Thursday, May 14, 2009

The Upper Similkameen

We have gone on a pictorial drive to Penticton, and one to the south east over the Richter Pass to Osoyoos, but on Wednesday Charles and I journeyed up Highway 3 to Hedley, and, as usual, were struck by the differences in the topography of this rocky part of the Similkameen.

It has a beauty all its own. The striated mountains have been a repository for gold and copper, and over the last century mining in the country around Hedley has had a varied and profitable history.

We left Keremeos and traveled through ranch land where the Black Angus grazed contentedly on the spring green meadow.

High in the distance on our left we glimpsed the snow on Crater Mountain, an area that I have not visited myself, but one which seems to hold a fascination for the men in the family. I particularly remember Charles and No. 2 son leaving a family picnic in the Ashnola region for a 'short' drive up the road to Crater Lake, and creating a small panic when they were not back by dark! But then, I probably panicked easily in those days.

Soon the ranch land narrowed into a a stony corridor with intriguing walls, created by fiery volcanoes more than thirty million years ago. A little research records small ocean creatures captured within the rocks.

A quartzy waterfall cascades down to the road.

And just down the road a beautiful, but rather threatening, tower of rocks forms a forbidding castle.

We pass St. Anne's Roman Catholic Church on the Upper Similkameen Indian Reserve, turn the corner and slide gently down into the town of Hedley.

The town, the mountain and the old abandoned Nickel Plate mine above us has memories for Charles of the few months he worked here before joining the air force. Here is a picture of the 'skip line' as it was when he rode the steep incline...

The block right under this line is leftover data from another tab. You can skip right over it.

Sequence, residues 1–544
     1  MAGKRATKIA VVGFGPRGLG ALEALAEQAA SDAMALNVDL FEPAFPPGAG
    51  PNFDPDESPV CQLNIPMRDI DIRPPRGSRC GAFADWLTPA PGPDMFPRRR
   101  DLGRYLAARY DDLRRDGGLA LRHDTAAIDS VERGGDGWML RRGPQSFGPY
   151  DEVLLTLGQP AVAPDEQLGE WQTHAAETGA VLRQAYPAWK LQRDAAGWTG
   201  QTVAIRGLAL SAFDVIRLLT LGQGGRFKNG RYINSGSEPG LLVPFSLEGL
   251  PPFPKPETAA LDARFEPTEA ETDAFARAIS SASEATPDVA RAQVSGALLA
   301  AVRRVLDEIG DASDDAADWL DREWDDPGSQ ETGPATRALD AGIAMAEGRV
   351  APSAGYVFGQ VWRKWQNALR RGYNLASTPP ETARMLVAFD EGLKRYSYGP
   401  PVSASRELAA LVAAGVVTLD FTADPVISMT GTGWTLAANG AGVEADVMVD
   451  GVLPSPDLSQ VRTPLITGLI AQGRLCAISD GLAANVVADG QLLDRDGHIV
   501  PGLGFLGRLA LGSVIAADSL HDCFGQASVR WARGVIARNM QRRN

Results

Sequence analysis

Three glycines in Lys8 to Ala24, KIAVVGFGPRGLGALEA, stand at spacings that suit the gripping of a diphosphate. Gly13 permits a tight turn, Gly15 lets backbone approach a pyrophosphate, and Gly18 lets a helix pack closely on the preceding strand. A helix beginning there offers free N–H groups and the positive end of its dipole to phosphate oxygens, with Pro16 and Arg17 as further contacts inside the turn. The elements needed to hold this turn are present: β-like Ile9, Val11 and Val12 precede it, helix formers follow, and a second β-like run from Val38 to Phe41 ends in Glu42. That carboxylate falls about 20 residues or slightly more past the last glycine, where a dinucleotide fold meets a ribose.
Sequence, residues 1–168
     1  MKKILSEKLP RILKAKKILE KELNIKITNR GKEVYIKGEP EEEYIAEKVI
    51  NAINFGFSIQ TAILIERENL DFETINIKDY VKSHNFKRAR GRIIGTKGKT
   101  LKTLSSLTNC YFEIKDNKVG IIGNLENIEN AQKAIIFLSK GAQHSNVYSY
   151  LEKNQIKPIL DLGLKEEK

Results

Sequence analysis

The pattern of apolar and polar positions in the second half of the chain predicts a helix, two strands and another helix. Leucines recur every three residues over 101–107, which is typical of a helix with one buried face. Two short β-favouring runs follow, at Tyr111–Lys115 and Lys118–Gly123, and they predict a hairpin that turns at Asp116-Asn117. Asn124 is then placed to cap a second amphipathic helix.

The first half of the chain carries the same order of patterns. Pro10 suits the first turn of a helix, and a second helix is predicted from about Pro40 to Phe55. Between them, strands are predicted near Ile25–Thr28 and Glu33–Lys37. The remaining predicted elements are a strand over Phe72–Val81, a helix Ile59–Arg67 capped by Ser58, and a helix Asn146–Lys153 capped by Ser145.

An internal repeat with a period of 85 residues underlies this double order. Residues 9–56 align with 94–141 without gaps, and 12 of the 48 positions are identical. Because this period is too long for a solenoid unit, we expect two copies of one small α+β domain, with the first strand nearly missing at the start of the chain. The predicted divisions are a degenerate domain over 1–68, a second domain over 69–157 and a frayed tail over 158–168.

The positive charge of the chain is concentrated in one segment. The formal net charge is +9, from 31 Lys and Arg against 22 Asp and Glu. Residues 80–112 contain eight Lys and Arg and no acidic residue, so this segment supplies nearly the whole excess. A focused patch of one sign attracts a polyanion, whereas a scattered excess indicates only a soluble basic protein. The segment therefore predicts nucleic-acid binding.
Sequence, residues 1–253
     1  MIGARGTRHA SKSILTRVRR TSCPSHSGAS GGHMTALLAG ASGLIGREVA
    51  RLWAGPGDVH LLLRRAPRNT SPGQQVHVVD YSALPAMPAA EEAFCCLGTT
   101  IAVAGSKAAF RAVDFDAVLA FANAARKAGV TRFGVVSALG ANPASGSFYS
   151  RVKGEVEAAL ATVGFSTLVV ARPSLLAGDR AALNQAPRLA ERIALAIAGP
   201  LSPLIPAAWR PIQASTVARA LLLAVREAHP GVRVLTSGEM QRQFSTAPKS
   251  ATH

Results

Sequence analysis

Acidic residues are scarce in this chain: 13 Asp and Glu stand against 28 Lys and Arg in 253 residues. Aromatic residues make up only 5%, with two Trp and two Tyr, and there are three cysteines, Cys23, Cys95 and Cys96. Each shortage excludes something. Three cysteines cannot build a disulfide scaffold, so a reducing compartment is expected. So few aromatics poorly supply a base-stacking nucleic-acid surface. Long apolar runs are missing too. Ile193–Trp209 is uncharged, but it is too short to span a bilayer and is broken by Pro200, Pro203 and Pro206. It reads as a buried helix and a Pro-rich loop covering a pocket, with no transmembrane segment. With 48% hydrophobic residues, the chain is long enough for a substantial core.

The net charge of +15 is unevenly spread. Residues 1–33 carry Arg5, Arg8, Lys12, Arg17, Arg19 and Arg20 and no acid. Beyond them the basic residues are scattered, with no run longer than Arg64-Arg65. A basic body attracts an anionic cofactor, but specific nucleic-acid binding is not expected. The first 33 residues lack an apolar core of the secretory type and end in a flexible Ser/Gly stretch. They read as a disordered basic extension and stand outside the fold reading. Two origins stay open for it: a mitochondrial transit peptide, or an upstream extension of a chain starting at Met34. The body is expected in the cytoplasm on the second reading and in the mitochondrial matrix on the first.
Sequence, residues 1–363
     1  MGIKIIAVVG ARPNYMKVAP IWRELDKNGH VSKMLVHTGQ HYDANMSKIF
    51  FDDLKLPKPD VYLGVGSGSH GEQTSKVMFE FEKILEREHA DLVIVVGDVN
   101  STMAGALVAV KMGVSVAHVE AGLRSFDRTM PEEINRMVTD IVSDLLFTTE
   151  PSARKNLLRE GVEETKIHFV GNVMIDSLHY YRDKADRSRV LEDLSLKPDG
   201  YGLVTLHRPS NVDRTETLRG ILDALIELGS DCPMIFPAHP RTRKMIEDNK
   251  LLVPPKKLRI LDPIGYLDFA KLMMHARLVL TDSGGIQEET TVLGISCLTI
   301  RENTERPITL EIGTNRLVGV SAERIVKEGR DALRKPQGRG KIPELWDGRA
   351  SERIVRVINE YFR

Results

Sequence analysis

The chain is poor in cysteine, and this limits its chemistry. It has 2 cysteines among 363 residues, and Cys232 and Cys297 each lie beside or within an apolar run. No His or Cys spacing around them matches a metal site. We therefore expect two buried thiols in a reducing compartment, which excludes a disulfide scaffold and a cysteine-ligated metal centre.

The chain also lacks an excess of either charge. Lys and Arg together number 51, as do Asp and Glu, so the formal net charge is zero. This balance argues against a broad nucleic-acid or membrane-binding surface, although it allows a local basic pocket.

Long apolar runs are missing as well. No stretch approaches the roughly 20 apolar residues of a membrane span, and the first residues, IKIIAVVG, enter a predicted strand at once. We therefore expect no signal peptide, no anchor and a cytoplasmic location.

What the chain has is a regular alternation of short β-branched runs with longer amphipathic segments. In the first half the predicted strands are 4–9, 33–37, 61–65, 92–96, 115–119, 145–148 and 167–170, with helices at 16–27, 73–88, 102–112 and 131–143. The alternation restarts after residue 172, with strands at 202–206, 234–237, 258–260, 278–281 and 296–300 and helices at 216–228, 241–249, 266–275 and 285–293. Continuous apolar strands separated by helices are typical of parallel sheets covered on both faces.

The mountain has given up its gold. The mine and the community at Nickel Plate have been abandoned. The Mascot Mine has been turned into a spectacular tourist attraction, well worth visiting. But in 1904 the Hedley mining ventures were just starting on their roller coaster endeavours, and the establishment at the base of the mountain looked like this...

Fortunes were made, and fortunes were lost. Hedley now is a small town with a bright core of community minded inhabitants. We drove around slowly, - there were memories for Charles there, and for me as well as we passed the Community Church which is part of our Parish.

We took pictures of the steep striated walls that encircle the town...

and then we drove home, and I could take pictures out of the window on the other side of the road!

Of the river, from a spot where Charles took a picture with his small Brownie camera in 1942....

Of the cut to the Ashnola River valley which leads to the magnificent Cathedral Lake country....

Eventually the Cawston hills appeared in the distance,

and we continued through the familiar countryside west of Keremeos, and the red covered bridge that crosses into Ashnola country.

The weather was chilly and miserable, but the company was great and it was a pleasant drive and a happy day.


The Weaver of Grass said...

There are so very many empty landscapes in your country Hildred - lovely photographs. I am not sure exactly where you are.

Hildred said...

Hi Weaver, - we are such a young country here in western Canada. Most of the towns in the interior of British Columbia are barely one hundred years old.

Here is a site to google that tells you a little about the Similkameen Valley, - we live between Keremeos and Cawston, about 10 miles from the U.S. border.

It is a beautiful valley, - mainly rural. In some of the towns of the Okanagan Valley people have been building large homes on the mountain slopes, but at a risk of being caught in forest fires. However, most people here cling to the valley floor.